[Editor's note: Our original story said Bill White could move all of his federal campaign money to his state account. That's not so. As with almost everything else in federal campaign finance laws, it's more complicated that it first appeared to be. About $1 million of White's money, we've learned, can't be transferred. You can read our mea culpa here. What follows is a corrected version of the story.]
If he jumps from the U.S. Senate contest to the Texas governor's race, Bill White's fund-raising capacity may soon enjoy an enormous boost.
Speculation over White's ambitions reached fever pitch Monday, as Tom Schieffer, one potential Democratic candidate bowed out, and state Sens. Eliot Shapleigh of El Paso and Kirk Watson of Austin urged fellow Democrats to support the Houston mayor for governor. White's thinking about it. In the meantime, how much of the $4.2 million in his federal war chest could be used for the potential state bid?
Short answer: Most, but not all of it.
"There's nothing barring him from moving those funds over to run for governor," said Kevin Shuvalov, a Republican political consultant. “He can transfer it over because federal campaign limits are different — they're set at a lower limit."
That's partly right. But White can only move money that was available to him for his first election — not money that contributors gave him for later federal elections. As a candidate for U.S. Senate, White is subject to the 1975 Federal Election Campaign Act, which limits individual donations to $2,400 per election. Political action committees, or PACs, may donate up to $5,000 to specific candidates. But since non-judicial elections in Texas are not subject to such limits, White would be able to raise much more money as a gubernatorial candidate.
“There is not a prohibition under Texas campaign finance law for those funds to be transferred over,” said Tim Sorrells, deputy general counsel for the Texas Ethics Commission, speaking only of state law. “The use of those raised federal funds is not prohibited under state law.”
White's donors contributed under the assumption that he was running for U.S. Senator. Does this fact at all hamper his use of funds for a governor's race?
A little bit. There are no restrictions at the state level. But federal law only allows him to transfer to the state account money that he could have used in a special election. Federal donors are limited to $2,400 per election, but many gave White $4,800, knowing he would set the remainder aside for another election later. The common donor practice is to go ahead and donate funds for federal candidates' primary and general elections at the same time. In White's case, that means that only the money available for the first election — the special election or primary election — can legally be "spent" by writing a check to his state campaign account.
White still has plenty of money he can transfer, even under this scenario. He raised at least $4.1 million this year for a primary election and about $1 million designated for a general election, according to White's campaign filings through Sept. 30. The latter donations would have to be refunded should White enter the governor's race. The primary donations, however, could be spent.
"That money would be allowed to be transferred to a state race, subject to state and local campaign-finance law," said Christian Hilland, a spokesman for the Federal Election Commission.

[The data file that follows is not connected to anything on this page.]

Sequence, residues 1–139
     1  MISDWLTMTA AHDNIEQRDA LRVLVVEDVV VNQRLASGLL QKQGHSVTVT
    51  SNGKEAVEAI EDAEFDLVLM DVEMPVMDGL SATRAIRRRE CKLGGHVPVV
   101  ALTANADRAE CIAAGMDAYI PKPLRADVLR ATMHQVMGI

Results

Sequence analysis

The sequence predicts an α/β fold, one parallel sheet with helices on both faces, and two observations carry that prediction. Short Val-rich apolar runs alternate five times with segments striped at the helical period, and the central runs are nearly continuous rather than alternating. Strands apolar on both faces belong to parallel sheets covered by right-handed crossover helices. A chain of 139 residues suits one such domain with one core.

It could all be moot. White's agreed to "consider" the governor's race — you still think there's a question? — but if he stays in the Senate race, the money stays in the federal pot and all of this is academic. It's also a subject that lawyers can, and do, argue over. Don't be surprised if White's lawyers ask for an opinion and something new comes out.
Any money that is transfered can be used for any state campaign purpose.
“There are a few states which utilize what is called the trust concept — if I go out and take some money from you, telling you that I'm running for Senate, then the only way I can convert is to go back to the contributors and ask for permission,” said Buck Wood, a lawyer specializing in campaign finance. “A few states have that, but not many. And Texas doesn't.”
U.S. Sen. Kay Bailey Hutchison performed a similar maneuver last year. Her federal committee donated nearly $8 million to her state committee in three December installments. Since donations and campaign funds are much more closely scrutinized under federal campaign finance laws — subject to more "accounting hoops," as Wood put it — this transfer was viewed as a commitment to the 2010 Texas governor's race.
"Were he to decide to change from the Senate to the gubernatorial race, he would start with a significant advantage," said Jeff Eller, vice-chairman of the Austin-based public affairs consulting firm Public Strategies.
Part of this "advantage" lies in White's loyal donors, who have been hamstrung by the FEC regulations. With no donation limits, White can return to ask them for seconds — and for a larger helping. The White campaign has collected approximately 870 individual donations of $2,400, at least 240 of which maxed out at $4,800. He can use the first $2,400 from each for the state race, and could refund the rest and ask those donors to write a check — for that or a larger amount — to the state campaign. If White's campaign requested and received only another $2,500 from these individuals, the campaign would collect another $2.2 million. And some donors, of course, will probably be even more generous with their pocketbooks.